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A limitation of using monetary policy to counter slow growth: there isn’t much that Mr. Poloz or the federal government can do about low resource prices.TODD KOROL/Reuters

For much of the economy, it hardly matters what Stephen Poloz and the Bank of Canada do on Wednesday.

One of the key lessons of the past year is that monetary policy isn't a cure-all. On its own, it won't get Canada out of its slow-growth rut. Two interest rate cuts in 2015 kept cheap credit flowing and helped send the Canadian dollar skidding lower, but they didn't stop the economy from stalling. One more cut this week won't alter the economic outlook or change the direction of commodities prices.

The long-term solution lies in boosting Canada's lagging productivity performance, not interest rate relief.

"Productivity is the ultimate engine of growth in the global economy," Angel Gurria, the secretary-general of the OECD, explained in his introduction to a major 2015 report on the subject, The Future of Productivity.

Solving the productivity puzzle, he argues, is the key to countering the big challenges facing many developed countries – an aging work force, strained government budgets, inequality and threats to the environment.

The ultimate goal is "strong, inclusive and sustainable growth," according to Mr. Gurria.

That statement represents a sea change in thinking for the OECD, the policy hub for the world's wealthiest countries. For years, the organization has argued that the key to productivity growth lies with a suite of economic policies, such as free trade, low inflation, modest public debt, competitive tax rates and investments in education.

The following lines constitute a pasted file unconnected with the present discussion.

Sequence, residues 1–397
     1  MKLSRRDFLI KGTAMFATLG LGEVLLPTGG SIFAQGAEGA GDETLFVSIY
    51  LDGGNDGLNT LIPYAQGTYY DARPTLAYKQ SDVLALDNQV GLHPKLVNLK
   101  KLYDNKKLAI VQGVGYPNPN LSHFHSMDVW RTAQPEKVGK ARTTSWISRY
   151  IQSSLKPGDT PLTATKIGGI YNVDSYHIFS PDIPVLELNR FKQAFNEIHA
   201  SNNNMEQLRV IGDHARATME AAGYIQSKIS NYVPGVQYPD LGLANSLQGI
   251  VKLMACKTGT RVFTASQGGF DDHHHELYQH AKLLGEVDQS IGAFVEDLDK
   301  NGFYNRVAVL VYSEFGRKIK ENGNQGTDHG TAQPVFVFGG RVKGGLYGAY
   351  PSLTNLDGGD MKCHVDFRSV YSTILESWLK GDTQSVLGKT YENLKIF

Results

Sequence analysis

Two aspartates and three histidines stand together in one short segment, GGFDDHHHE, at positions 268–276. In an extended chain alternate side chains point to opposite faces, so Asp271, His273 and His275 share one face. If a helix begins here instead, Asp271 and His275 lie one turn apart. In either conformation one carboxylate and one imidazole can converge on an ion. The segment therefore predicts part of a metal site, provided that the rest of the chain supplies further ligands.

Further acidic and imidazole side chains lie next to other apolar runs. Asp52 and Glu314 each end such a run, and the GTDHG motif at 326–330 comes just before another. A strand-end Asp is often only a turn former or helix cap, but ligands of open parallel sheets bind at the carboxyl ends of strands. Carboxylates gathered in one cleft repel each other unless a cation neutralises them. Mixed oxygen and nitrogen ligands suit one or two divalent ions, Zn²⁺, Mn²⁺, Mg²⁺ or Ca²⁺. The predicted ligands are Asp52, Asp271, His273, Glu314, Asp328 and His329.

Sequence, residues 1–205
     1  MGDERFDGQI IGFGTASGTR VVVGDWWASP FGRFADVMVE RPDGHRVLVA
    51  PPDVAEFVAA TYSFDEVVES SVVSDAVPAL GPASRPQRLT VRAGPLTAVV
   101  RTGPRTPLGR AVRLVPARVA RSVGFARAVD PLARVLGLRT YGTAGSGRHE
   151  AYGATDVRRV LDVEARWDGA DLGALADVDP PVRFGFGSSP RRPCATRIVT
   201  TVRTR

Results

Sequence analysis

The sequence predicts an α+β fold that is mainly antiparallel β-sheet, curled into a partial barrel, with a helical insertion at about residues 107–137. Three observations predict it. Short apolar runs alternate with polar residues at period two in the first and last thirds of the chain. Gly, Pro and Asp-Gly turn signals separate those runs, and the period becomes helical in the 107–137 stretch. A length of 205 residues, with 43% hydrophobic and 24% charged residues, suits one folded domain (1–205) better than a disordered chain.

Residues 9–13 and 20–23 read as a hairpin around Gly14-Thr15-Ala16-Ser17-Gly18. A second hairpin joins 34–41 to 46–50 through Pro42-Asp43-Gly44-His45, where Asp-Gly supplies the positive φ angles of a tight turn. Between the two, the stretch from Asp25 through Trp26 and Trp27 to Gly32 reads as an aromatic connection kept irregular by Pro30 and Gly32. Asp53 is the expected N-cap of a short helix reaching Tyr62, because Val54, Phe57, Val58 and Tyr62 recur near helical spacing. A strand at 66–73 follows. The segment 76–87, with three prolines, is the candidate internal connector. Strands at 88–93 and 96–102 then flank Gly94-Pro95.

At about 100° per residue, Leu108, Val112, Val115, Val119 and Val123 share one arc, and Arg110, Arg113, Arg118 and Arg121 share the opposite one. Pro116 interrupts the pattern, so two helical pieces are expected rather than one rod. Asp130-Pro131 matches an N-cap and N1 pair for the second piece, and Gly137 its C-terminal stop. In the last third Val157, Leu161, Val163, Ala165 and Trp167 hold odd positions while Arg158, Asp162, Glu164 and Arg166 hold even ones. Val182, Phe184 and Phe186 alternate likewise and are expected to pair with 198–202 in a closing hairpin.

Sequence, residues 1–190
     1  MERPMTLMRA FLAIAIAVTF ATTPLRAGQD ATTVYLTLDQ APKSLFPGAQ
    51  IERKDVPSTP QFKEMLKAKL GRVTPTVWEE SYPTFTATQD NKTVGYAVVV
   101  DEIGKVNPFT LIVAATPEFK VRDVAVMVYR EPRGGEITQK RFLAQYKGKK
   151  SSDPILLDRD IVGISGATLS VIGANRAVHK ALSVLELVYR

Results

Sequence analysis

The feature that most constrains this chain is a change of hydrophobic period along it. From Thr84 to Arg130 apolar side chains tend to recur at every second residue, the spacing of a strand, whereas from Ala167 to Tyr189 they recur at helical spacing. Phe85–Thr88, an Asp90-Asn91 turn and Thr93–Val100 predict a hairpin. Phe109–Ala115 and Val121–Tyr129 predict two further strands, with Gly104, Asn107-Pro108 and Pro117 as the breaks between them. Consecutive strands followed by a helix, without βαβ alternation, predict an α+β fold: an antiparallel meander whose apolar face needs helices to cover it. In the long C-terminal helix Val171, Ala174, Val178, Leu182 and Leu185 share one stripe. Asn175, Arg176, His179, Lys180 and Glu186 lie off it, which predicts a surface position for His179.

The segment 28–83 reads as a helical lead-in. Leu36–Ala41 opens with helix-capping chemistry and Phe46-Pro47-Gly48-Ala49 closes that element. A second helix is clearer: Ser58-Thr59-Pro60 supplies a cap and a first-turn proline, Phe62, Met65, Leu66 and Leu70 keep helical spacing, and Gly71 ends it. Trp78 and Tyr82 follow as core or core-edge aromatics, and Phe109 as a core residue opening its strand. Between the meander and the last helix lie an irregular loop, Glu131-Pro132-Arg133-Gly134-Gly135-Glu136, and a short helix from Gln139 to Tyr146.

The paradox for Canada is that it did all those things with gusto, but still boasts one of the worst productivity records in the OECD. Labour productivity grew 1.3 per cent a year from 1995 to 2004, slowing to 0.6 per cent a year from 2004 to 2013.

"The country has adopted so much of their advice but has little economically to show for it," Queen's University economist Don Drummond laments in a new Centre for the Study of Living Standards report, Progress on the Mystery of Productivity.

The OECD's traditional policy prescriptions are still sound and necessary, insists Mr. Drummond, a former chief economist at Toronto-Dominion Bank and long-time senior Finance official. But he says key pieces are missing from Canada's productivity puzzle.

The OECD is now looking more closely at how to get companies to respond to key productivity drivers, including more efficient deployment of skills, technology and innovation. It says countries should embrace policies that encourage the development of corporate value chains, attract skilled labour and ease corporate formation and help spread innovation to smaller companies. Among other things, the OECD recommends better adult learning policies, portable health and pension plans, as well as housing regulations that don't impede labour mobility.

One area where Canada does notably poorly is global value chains (third worst performance among 34 OECD countries). This is calculated by tallying the value of Canadian products that end up in the exports of other countries plus the foreign content built into Canadian exports.

Canada's weakness in this area is likely caused by the presence of few large Canadian-based multinationals and the dominance of natural resources in our exports.

As Mr. Drummond puts it: "Our firms do not play well with others."

Canada could also do a much better job of producing the types of skilled workers the economy needs, he says.

There is another limitation of monetary policy.

There isn't much that Mr. Poloz or the federal government can do about low resource prices.

Resources represent roughly 20 per cent of Canada's economy. That, in theory, means the other 80 per cent is doing just fine.

The problem is that resource extraction – particularly oil and gas – accounts for an outsized share of Canadian exports, investment and economic growth. Or at least resources did before the recent price rout.

We could just sit and wait for resource prices to recover, or take steps now to bolster the long-term prospects of the other 80 per cent of the economy.

Over the long haul, the solution almost certainly lies in boosting Canada's lagging productivity performance.

But many of the root causes remain a puzzle, even to the OECD and policy experts.

Just don't look for answers from the Bank of Canada this week.